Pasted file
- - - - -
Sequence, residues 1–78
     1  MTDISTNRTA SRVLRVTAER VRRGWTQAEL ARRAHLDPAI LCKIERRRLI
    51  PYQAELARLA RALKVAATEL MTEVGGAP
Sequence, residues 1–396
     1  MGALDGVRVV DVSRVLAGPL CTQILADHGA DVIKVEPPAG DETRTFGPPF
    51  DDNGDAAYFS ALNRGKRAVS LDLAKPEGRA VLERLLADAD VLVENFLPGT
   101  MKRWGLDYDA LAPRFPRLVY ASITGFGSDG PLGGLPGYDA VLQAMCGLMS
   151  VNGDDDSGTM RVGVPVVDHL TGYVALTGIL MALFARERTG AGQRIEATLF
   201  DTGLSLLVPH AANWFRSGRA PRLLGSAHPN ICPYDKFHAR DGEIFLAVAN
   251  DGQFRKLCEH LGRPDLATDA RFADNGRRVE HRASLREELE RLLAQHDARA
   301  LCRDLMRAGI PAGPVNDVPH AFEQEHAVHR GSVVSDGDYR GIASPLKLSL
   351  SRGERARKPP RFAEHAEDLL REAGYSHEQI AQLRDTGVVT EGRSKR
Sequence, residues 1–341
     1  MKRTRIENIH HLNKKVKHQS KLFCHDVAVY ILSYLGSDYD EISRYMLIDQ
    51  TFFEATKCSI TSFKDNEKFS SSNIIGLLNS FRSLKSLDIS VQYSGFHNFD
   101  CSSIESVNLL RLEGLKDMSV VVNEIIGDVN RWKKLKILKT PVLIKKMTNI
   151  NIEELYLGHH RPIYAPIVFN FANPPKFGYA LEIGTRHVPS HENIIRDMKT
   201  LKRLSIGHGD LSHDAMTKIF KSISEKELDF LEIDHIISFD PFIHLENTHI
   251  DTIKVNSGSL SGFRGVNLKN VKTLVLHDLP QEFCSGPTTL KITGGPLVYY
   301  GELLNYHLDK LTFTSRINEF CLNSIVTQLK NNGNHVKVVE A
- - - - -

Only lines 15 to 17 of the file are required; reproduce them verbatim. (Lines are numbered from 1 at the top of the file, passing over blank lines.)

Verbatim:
    51  TFFEATKCSI TSFKDNEKFS SSNIIGLLNS FRSLKSLDIS VQYSGFHNFD
   101  CSSIESVNLL RLEGLKDMSV VVNEIIGDVN RWKKLKILKT PVLIKKMTNI
   151  NIEELYLGHH RPIYAPIVFN FANPPKFGYA LEIGTRHVPS HENIIRDMKT